Being Safe, Isn’t

I enjoy watching Mike Rowe on “Dirty Jobs.” I am interested enough that I followed him once the show went off the air. He has written at least one book and maintains a blog.

I suspected that the message he was trying to get across, on “Dirty Jobs” was largely lost on liberals. If you’ve never seen the show, Rowe would take on jobs that were nasty and often times dangerous.

He would work alongside guys that performed that job day in and day out. What I saw and what I believe many people missed was that these workers were proud of the job they did. The pride came from the fact that they were performing a task that most people wouldn’t and couldn’t do.

I don’t think I ever saw a worker that was unhappy in their role. I’m sure part of reason was observation bias.

I could never picture myself as a pole dancer. That doesn’t mean I can’t appreciate someone that is. Particularly when they do it well.

Talent covers a wide range

In an interview and blog entry Mike Rowe rejected the idea that safety came first. He was challenged about that assertion. Here is the challenge. The link is Rowe’s response.

OK, I’m going to need you to walk me through this whole “Safety Third” thing one more time. How can safety be anything other than first? Are you seriously suggesting that saving the economy is more important than saving lives? Now, more than ever, safety must be first, whatever the cost! 

Roger Martin

I agree with Mike Rowe. Safety is a great mindset. But it is not the the first priority. There must be a balancing act between completing the task and being safe while doing it.

When I started out as a cop the attitude at the time was, “go do what needs to be done.” How was pretty much left unanswered.

Joseph Wambaugh coined the phrase, “John Wayne Syndrome.” In hundreds of movies John Wayne strolled through all sorts of violence and only got killed a few times.

Cops exhibiting the John Wayne Syndrome walked into situations unprepared or with an inflated belief in their abilities. They were secure in the knowledge that God and right was on their side. Many were subsequently disappointed. A legendary Texas Ranger Captain took it a step further.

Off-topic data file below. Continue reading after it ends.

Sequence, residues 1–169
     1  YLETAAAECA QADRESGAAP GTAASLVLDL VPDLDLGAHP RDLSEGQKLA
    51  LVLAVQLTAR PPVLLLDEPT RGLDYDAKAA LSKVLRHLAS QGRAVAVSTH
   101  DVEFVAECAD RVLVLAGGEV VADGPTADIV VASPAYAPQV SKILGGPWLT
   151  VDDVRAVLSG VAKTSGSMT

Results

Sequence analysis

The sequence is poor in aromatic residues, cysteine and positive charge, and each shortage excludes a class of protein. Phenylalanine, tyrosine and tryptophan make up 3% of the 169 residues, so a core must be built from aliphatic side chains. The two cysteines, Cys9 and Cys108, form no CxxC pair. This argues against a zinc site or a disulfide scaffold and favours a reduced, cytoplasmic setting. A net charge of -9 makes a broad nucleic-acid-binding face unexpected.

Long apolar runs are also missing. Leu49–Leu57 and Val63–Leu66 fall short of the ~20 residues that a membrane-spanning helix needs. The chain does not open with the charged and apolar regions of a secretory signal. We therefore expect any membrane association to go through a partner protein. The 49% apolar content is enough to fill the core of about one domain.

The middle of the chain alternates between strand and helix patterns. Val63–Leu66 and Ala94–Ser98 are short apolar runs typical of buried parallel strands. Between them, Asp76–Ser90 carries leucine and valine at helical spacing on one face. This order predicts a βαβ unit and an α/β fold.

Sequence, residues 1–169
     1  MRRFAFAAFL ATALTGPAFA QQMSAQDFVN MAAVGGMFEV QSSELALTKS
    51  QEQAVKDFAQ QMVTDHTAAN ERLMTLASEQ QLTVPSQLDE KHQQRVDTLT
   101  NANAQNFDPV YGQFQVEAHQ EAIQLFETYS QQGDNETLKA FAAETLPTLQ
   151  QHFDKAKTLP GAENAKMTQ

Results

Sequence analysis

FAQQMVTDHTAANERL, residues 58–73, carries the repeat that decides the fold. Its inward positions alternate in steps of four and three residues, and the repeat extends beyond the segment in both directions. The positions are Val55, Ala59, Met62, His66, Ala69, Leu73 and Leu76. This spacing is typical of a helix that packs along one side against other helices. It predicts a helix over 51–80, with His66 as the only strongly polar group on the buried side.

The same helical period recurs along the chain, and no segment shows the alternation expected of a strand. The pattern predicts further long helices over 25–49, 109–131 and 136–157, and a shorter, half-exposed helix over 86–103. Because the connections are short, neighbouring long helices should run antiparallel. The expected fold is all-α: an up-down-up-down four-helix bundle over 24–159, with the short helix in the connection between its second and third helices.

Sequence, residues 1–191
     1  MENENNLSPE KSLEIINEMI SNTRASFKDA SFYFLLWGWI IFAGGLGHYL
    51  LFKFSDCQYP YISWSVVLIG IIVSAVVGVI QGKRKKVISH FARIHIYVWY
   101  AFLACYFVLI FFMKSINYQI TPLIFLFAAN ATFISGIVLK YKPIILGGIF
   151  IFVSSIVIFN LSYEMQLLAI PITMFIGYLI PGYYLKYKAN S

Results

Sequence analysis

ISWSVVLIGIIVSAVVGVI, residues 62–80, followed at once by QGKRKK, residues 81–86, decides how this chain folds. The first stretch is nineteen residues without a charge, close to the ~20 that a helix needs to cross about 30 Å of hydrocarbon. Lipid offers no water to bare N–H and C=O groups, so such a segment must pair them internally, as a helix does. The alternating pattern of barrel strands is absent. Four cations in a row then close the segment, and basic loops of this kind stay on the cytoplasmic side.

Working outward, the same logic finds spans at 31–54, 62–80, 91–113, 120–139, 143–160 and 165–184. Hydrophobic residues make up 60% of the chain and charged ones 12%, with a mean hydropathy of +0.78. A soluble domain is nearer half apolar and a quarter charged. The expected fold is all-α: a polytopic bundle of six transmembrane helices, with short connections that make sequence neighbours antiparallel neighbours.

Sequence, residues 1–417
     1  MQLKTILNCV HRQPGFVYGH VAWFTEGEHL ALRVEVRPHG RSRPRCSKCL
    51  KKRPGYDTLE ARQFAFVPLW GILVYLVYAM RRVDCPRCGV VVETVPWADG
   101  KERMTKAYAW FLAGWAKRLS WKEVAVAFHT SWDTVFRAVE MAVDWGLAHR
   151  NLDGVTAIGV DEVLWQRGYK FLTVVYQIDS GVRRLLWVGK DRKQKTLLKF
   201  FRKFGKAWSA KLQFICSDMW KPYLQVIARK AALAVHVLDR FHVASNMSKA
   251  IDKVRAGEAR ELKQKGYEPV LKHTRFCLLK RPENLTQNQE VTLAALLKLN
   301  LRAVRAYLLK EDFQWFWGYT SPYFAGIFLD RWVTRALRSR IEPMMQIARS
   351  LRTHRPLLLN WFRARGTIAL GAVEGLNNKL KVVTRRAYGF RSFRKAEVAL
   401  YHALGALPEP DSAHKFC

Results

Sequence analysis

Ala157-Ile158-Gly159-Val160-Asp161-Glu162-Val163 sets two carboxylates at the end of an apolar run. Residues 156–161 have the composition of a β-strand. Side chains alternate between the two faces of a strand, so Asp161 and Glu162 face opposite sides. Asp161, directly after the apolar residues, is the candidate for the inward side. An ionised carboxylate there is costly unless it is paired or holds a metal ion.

“No man in the wrong can stand up against a fellow that’s in the right and keeps on a-comin’”

Texas Ranger Bill McDonald (1852-1918)

The Texas Rangers liked the quote so much, it later became a motto for the Texas Rangers themselves.

This may explain, in part, why Texas, California, New York and Florida compete for the honor of having the most cops killed by violence in any given year.

Police work is inherently dangerous. However, it is less dangerous than being a logger, roofer or commercial fisherman.

Police officers can address the risk by being properly equipped, having a realistic view of any situation and applying appropriate tactics. Even when they do everything right they can’t eliminate the risk. The best they can hope for is to manage or mitigate the effect.

The only way to do a wide variety of tasks that make up most jobs and eliminate the risk, is to not do the job. Today there will be office workers who will die while seated at their desk. Even if the MSM were to give a daily tally, there would be no outcry. That’s just one of those things.

As one hunkers down at home keep this in mind.

Oct. 2, 2002 — Home may be a place to escape the dangers of the outside world, but a new report shows dangers abound on the home front as well — causing as many as 20,000 deaths, 7 million disabling injuries, and 20 million hospital trips in the U.S. each year.


We used to say any instruction that says “always” or “never” is usually wrong. The sentiment may be admirable, but the implementation fails to recognize a wide range of possibilities.